The General Secretary of the General Agricultural Workers Union (GAWU), Mr Edward Kareweh, has said a strong linkage between agriculture and manufacturing can create the necessary synergies to transform the Ghanaian economy.
“We need serious thinking on how to create the integration and synergy between agric and manufacturing.
“We should know that manufacturing is an extension of agric because manufacturing is processing, and we need to process agric produce before it can reach the final consumption stage,” he stated in an interview on the role of agriculture in manufacturing ahead of the GRAPHIC BUSINESS/Stanbic Bank breakfast meeting today.
He noted that the primary activity of manufacturing was agriculture in the sense that the inputs needed by industry for processing mostly came from agriculture. There is the need to develop both sectors bearing in mind the linkage.
Mr Kareweh said it was not just an issue of a desire to produce for
Agric and manufacturing in retrospect
Mr Kareweh deduced that Ghana had had experiences of integrated development approach such that even in the first years of Ghana’s independence, the seven-year development plan of Dr Kwame Nkrumah was anchored on agriculture; the raw materials came from agric to feed the import substitution industry that was developed.
Again, in the 1970s, there was the rapid and rigorous development policy, Operation Feed Yourself, that brought about a strong integration between agric and manufacturing.
However, he indicated that the advent of globalisation, liberalisation and all the free market systems that the country had adopted had reached unacceptable levels and widened the gap between agric and manufacturing.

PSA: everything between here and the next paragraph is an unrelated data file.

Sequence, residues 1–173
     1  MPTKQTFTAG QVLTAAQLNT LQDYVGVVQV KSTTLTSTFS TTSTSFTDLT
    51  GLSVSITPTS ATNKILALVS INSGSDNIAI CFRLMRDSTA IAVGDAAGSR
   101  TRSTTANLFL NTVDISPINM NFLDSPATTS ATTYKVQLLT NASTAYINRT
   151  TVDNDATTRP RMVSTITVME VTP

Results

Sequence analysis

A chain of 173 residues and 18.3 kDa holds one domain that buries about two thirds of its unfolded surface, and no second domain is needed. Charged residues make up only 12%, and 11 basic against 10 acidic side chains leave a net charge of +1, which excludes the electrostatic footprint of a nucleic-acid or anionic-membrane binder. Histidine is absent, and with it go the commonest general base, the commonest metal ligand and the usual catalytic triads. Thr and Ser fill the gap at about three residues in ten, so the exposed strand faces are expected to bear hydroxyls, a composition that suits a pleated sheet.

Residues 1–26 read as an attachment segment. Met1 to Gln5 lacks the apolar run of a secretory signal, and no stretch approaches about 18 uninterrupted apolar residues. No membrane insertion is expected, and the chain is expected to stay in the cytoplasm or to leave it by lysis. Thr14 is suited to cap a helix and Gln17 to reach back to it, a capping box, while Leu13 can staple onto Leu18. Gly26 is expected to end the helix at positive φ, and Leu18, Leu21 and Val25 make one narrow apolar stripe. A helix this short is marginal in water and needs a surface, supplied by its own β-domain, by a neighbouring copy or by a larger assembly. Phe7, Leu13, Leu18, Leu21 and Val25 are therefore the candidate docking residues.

He stated that consequently, Ghana currently produced to export raw produce and for domestic consumption, therefore the major integrated part to produce for industry was not included in the policy arrangement, and that was the bane of our underdevelopment and unemployment among the youth.
Experts say the inability of the government to support the sector has resulted in the acute problem of unemployment in the country, particularly youth and a phenomeon which can trigger a social upheaval.
In their opinion, the concentration of growth has been on the low job-creating capital-intensive extractives and some automated service activities, while agriculture and manufacturing which had the high potential of creating jobs had been stagnating.
Unlocking agric potential
The Executive President of the Chamber of Agribusiness Ghana, Mr Anthony Selorm Morrison, said agric had a major role to play in unlocking and expanding the economic fortunes of Ghana.
“There needs to be an increased efficient policy of public spending, improve the regulatory framework to attract more private investment into the sector and ensure sustainable financing which has been a challenge,” he said in an interview.
Mr Morrison indicated that as the country sought to promote manufacturing using agric as a tool, it was important to find out what challenges persisted in the sector and deal with them.
To ensure availability of raw materials to feed industries, he stressed that measures should be taken to remove policies that do not promote or encourage manufacturing and agriculture.
“Why do we allow imports, Why do we just export all our raw materials without adding value to them when we know that we can have the advantage if we do so! he asked. — GB